Two Tax Day Protests
From the Providence Business News:
From 10 a.m. to 8 p.m., a group of activists plan to greet tax filers at the Corliss Street post office to protest the cost of the war in Iraq and the defense budget. The groups that will be represented include the American Friends Service Committee, Ocean State Action, Declaration of Peace Campaign Rhode Island, and the Rhode Island Mobilization Committee to End War and Occupation.
“Rhode Islanders have spent billions of dollars on the war in Iraq and continue to do so,” Martha Yager of the Friends Service Committee said in a statement. “The military budget, bloated with funding outdated weapons systems and 300 percent cost overruns that would be completely unacceptable in any other part of government, continues to suck up over half of our nation’s discretionary spending.”
“With that money, we could have avoided the state’s deficit, funded Head Start, health care and education, and have been ready to help families hit hard by the state’s recession,” she added.
Fiscal conservatives plan to hold their own “Tax Day Tea Party” protest in front of the Statehouse in Providence from 3 to 6 p.m. The event will coincide with hundreds of other rallies that will be held today in as many as 2,000 cities nationwide, organizers said.
The event, which was organized by Pawtucket resident Colleen Conley and will be hosted by WHJJ-AM radio host Helen Glover, will feature more than a dozen speakers. They are scheduled to include the radio host John DePetro; Justin Katz, who writes the Anchor Rising blog; James Beale, president of the Rhode Island Statewide Coalition; and Robert Healey Jr., who ran for lieutenant governor in 2006.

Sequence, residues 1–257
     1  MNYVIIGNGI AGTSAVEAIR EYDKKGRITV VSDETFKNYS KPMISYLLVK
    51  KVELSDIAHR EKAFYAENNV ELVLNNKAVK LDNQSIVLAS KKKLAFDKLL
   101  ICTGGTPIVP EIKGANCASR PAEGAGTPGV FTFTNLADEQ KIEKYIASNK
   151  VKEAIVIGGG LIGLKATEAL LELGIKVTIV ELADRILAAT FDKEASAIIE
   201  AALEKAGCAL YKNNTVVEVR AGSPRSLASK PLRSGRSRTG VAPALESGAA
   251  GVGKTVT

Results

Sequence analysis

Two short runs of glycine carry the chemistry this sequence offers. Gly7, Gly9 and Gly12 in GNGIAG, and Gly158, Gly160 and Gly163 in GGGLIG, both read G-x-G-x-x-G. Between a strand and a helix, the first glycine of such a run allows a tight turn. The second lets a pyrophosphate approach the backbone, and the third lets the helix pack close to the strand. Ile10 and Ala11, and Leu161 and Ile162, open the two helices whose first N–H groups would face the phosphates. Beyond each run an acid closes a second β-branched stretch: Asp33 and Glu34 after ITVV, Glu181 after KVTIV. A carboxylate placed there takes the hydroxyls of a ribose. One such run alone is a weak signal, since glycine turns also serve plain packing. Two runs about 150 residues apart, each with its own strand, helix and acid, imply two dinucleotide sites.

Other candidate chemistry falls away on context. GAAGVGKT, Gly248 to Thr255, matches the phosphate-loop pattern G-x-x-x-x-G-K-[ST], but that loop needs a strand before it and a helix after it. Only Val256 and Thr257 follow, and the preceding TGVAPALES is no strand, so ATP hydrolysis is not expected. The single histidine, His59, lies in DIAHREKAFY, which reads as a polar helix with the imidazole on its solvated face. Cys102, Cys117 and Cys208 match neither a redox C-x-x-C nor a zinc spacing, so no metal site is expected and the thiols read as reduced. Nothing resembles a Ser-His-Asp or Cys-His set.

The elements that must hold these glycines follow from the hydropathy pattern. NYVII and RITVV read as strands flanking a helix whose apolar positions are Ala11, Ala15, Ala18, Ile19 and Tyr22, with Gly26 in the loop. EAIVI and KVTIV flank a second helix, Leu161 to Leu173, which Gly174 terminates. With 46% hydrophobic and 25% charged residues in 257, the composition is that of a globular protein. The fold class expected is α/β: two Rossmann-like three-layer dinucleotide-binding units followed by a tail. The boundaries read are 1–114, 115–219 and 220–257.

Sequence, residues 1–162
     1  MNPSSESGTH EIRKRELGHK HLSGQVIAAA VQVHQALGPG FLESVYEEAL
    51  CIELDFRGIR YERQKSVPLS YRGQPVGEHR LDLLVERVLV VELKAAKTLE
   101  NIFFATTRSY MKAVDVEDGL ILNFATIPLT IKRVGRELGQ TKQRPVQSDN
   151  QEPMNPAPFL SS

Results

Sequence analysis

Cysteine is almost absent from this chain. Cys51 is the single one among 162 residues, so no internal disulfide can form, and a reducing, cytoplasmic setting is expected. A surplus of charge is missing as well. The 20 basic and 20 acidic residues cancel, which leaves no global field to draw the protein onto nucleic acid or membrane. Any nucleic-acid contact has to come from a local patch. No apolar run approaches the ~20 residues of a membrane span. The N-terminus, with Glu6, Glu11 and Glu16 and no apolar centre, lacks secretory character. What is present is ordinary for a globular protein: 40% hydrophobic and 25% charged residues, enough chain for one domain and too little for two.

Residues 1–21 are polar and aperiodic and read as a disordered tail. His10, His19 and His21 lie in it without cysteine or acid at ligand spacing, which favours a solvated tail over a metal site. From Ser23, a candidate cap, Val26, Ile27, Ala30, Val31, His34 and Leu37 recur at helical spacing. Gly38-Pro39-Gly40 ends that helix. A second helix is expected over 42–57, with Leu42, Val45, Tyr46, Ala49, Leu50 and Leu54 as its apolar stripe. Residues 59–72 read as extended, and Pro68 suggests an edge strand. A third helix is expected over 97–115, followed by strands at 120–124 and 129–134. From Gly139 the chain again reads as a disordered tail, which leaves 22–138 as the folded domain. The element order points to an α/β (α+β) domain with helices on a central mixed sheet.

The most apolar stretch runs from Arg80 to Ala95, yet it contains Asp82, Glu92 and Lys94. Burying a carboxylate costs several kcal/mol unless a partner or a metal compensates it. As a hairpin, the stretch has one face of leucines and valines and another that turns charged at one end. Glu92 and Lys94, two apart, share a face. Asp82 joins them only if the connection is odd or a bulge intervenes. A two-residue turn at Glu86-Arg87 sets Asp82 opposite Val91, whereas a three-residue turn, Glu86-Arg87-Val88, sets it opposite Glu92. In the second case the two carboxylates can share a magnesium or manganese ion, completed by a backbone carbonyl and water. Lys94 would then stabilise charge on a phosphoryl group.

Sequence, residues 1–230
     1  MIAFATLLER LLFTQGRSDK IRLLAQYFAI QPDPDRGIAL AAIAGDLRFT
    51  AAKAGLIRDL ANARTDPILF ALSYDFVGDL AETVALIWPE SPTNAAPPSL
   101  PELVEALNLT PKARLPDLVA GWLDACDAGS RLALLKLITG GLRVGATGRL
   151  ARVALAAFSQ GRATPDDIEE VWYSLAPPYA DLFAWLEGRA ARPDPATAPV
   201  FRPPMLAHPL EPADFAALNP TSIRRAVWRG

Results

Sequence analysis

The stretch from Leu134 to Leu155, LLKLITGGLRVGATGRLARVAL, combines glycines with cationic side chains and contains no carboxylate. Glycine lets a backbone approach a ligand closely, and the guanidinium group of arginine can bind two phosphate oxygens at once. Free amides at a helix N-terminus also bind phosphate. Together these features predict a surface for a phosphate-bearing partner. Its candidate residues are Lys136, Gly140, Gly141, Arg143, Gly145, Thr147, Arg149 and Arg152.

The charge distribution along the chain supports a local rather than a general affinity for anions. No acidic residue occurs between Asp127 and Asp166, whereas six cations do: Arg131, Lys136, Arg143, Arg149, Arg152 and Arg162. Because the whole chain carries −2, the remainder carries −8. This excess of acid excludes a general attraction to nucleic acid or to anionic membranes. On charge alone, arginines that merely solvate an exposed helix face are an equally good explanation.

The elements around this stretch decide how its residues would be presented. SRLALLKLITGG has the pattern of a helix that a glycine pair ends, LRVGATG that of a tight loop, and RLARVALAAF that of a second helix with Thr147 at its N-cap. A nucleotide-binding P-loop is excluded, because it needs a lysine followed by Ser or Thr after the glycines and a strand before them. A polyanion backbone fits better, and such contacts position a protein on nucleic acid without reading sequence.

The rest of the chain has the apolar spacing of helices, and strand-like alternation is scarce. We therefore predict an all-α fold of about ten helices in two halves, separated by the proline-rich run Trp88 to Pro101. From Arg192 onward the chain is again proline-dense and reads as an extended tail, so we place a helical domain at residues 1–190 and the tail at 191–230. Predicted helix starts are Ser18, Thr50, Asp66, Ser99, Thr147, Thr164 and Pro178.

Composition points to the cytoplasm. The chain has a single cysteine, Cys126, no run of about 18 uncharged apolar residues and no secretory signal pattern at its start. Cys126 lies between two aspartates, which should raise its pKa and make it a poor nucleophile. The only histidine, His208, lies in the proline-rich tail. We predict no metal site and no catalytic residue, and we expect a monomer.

The Tea Party protesters will call on politicians to reduce government spending and cut taxes. “On the part of both state and federal elected leaders, I think they need to take a hard look at what they’re spending our money on, and re-prioritize,” Conley told Providence Business News. “There’s a lot of wasteful spending out there.”
While each group is focusing on cutting spending on different areas of government, the broad sentiment is the same. (Yes, the devil is in the details…). It’s too bad that local progressive insiders couldn’t put away their rank partisanship for an afternoon and lend their voice to a broad-based clarion call.
It’s really not that nefarious or difficult to understand: the Tea Parties are an opportunity for people to advocate for reduced government spending and to rail against the professionalization of politics; all in an effort to exhort our government to spend our tax dollars more wisely.They’re fed up with a political class that is increasingly out of touch with regular American tax payers.
For progressives, this was an opportunity to actually lend their support to a non-partisan, grass-roots movement aimed at doing what they claim they desire: democratizing the political system by “waking up” politicians to the needs of the common man. The truth is, these self-proclaimed progressive political insiders aren’t really keen on changing the system. Instead, they devoted all their time trying to denigrate the effort and looking for George Soros-like conservative funders (I guess you assume what you know, eh?). Ah well, as the kids say, whatev.